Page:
That will allow NASA faster access to the cargo returned by those spacecraft, and also build up experience for propulsive landings of crewed Dragon spacecraft.

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SpaceX to conduct final Crew Dragon test this weekend before capsule is approved to carry astronauts into space

  • SpaceX will conduct a test of Crew Dragon’s in-flight abort system this weekend
  • The test will be the final one before the capsule is cleared for human launch
  • Last year, Crew Dragon exploded during a test and badly damaged the capsule 

Slowly but surely, SpaceX’s Crew Dragon capsule is inching toward its first human-passengered launch.

According to a tweet from SpaceX, Crew Dragon’s last important safety test is slated for this weekend on January 18th and will analyze the capsule’s launch escape system.

‘Static fire of Falcon 9 complete – targeting January 18 for an in-flight demonstration of Crew Dragon’s launch escape system, which will verify the spacecraft’s ability to carry astronauts to safety in the unlikely event of an emergency during ascent,’ SpaceX tweeted. 

The test will be dependent on weather and directly proceeds a static fire of SpaceX’s rocket – the Falcon 9.

During this test, the craft is launched into high-altitude and is tasked with aborting the capsule during high-velocity, which is the most stressful point of the launch. 

The test will come just two months after a safety test in November during which Crew Dragon completed a crucial test of its parachute.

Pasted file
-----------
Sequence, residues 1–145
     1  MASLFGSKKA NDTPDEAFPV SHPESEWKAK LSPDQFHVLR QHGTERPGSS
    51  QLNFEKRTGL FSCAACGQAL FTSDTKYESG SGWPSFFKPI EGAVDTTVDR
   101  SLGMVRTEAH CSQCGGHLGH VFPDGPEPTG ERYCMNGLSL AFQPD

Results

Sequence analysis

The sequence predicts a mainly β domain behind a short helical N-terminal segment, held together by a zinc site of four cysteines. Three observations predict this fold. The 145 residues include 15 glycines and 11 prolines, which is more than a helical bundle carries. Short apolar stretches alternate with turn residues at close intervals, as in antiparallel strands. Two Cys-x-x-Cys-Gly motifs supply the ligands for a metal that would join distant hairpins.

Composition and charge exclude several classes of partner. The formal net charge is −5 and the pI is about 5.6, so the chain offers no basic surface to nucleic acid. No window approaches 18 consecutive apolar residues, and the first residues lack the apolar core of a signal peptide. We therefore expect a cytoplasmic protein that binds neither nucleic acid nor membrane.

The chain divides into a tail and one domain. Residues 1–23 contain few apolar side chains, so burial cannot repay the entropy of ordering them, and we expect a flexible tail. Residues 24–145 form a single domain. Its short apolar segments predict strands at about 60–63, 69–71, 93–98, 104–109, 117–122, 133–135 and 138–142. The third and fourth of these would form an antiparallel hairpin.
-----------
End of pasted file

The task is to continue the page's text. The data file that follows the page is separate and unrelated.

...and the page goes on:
In the test, the capsule was dropped from a plane and landed safely using only three of its four parachutes.

The drop was meant to simulate Crew Dragon’s ability to navigate Crew Dragon to Earth in the event that one of its four main parachutes failed to work.

According to SpaceX, the test went off without a hitch 13 consecutive times. 

For SpaceX the test, and an upcoming one this week, will mark a significant step after an explosion during one in April that engulfed the empty capsule in fire and smoke.

The Crew Dragon capsule will eventually take NASA astronauts to the International Space Station and is also being eyed for commercial space flight. Pictured above is a prior parachute test

The incident was set off by a leaking component and completely destroyed the capsule – a glitch that has contributed to SpaceX’s delayed timeline for Crew Dragon, which it’s developing for NASA

If Crew Dragon successfully completes its test, the capsule will be cleared for launching astronauts but also eventually clear the way for civilian space tourism.

WHAT IS SPACEX’ CREW DRAGON CAPSULE?

The March 2 test, the first launch of U.S. astronauts from U.S. soil in eight years, will inform the system design and operations (Artist's impression)

The March 2 test, the first launch of U.S. astronauts from U.S. soil in eight years, will inform the system design and operations (Artist’s impression)

The capsule measures about 20 feet tall by 12 feet in diameter, and will carry up to 7 astronauts at a time. 

The Crew Dragon features an advanced emergency escape system (which was tested earlier this year) to swiftly carry astronauts to safety if something were to go wrong, experiencing about the same G-forces as a ride at Disneyland. 

It also has an Environmental Control and Life Support System (ECLSS) that provides a comfortable and safe environment for crew members. 

Crew Dragon’s displays will provide real-time information on the state of the spacecraft’s capabilities, showing everything from Dragon’s position in space, to possible destinations, to the environment on board.  

Those CRS-2 Dragon missions will use ‘propulsive’ landings, where the capsule lands on a landing pad using its SuperDraco thrusters rather than splashing down in the ocean. 

 That will allow NASA faster access to the cargo returned by those spacecraft, and also build up experience for propulsive landings of crewed Dragon spacecraft.